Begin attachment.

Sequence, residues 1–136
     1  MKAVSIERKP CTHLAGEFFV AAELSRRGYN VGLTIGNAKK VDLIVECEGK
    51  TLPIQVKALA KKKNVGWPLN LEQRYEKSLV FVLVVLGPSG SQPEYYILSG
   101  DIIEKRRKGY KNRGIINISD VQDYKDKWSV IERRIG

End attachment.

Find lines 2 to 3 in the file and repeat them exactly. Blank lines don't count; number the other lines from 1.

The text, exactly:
     1  MKAVSIERKP CTHLAGEFFV AAELSRRGYN VGLTIGNAKK VDLIVECEGK
    51  TLPIQVKALA KKKNVGWPLN LEQRYEKSLV FVLVVLGPSG SQPEYYILSG